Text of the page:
An ancient post-glacial beach ridge stretches through Oak Openings Preserve. There are many rare plants (and plant communities) and animals found on this unique geological feature. Oak Openings Preserve consists of many diverse habitats: dunes, wetltallgrass prairie, old fields, scrub-shrub, floodplain, pine woods, oak savanna/woodland, and it is part of the Oak Openings region of northwest Ohio, considered a globally rare ecosystem. Includes Kitty Todd Preserve. The preserve is a mosaic of prairie, oak savanna, oak woodland and wet pralfle.
The Oak Openings contains five globally rare natural communities; Black Oak/Lupine Barrens, Midwest Sand Barrens, Mesic Sand Tallgrass Prairie, Twig-rush Wet Prairie and Pin Oak-Swamp White Oak Sand Flatwoods. The preserve protects 532 species of plants, 100 species of rare plants and animals, including one federally endangered species, the Karner blue butterfly.
There are also areas where sand mining once occurred, in which other rare species can be found. These "sand pits" contain watery areas where shorebirds and ducks have been spotted. Pine plantations can be found throughout the preserve. Most were planted in the 1940s and 1950s, and lowered biodiversity in these sites. The Wabash Cannonball railway forms a unique corridor with at least 176 rare plants found along its course. The wet areas on either side have spotted turtles.
Kitty Todd Preserve consists of globally rare oak savanna and wet prairie habitats and supports breeding populations of four high conservation priority species. The Oak Openings Preserve's large size assures it can host many birds, with a diverse array of habitats sustaining certain important bird populations. Oak Openings preserve has more nesting species of songbirds than any other preserve in Ohio. It protects one of the easternmost breeding populations of Lark Sparrows in Ohio, a very isolated population.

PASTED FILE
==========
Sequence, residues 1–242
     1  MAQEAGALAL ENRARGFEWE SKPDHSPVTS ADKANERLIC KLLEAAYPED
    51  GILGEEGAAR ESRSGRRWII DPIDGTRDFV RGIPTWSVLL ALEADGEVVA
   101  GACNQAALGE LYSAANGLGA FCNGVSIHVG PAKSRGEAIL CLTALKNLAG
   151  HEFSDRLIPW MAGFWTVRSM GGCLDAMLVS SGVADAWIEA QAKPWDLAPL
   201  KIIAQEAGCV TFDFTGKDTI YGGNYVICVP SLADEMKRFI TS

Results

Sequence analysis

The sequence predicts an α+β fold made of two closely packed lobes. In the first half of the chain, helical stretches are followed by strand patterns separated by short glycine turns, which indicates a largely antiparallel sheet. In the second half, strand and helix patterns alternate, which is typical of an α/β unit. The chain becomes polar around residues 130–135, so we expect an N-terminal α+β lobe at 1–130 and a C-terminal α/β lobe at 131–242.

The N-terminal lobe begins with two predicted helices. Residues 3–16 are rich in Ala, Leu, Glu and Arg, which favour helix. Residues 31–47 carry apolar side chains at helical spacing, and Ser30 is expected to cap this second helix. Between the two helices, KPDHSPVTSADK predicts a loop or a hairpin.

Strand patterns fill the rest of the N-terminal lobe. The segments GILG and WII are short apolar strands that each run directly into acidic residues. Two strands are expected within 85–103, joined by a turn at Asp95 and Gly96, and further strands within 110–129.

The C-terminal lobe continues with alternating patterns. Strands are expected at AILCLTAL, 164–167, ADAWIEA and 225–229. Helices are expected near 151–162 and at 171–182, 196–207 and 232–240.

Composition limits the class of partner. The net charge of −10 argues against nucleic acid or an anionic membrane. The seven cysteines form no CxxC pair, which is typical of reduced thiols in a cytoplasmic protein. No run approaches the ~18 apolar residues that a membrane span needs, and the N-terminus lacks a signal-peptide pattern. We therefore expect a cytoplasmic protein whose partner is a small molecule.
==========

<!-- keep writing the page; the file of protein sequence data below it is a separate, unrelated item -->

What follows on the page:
Oak Openings supports 18 warbler species and includes disjunct populations of Kentucky Warblers, Prairie Warblers, and Pine Warblers. It is one of only six locations in the state for breeding Blue-headed Vireos and is one of Ohio's few historical locations for nesting Bell's Vireos (1980-82).
Throughout the Oak Openings, the primary issue is habitat degradation and fragmentation due to the lack of fire and changes in water tables. Much prescribed burning has occurred to remedy this. Management also includes pruninglcutting out invasives and other unwanted species. Herbicides are used as well. Much of the Kitty Todd Preserve is overgrown due to fire suppression. Preserve staff are aggressively restoring oak savanna and wet prairie habitats through burning, tree-thinning, brush-mowing and native plant re-establishment. Additional acreage is continually being purchased to increase preserve size and protect additional habitat.
Owner: Toledo MetroParks, 5100 W. Central Avenue, Toledo, OH, 43615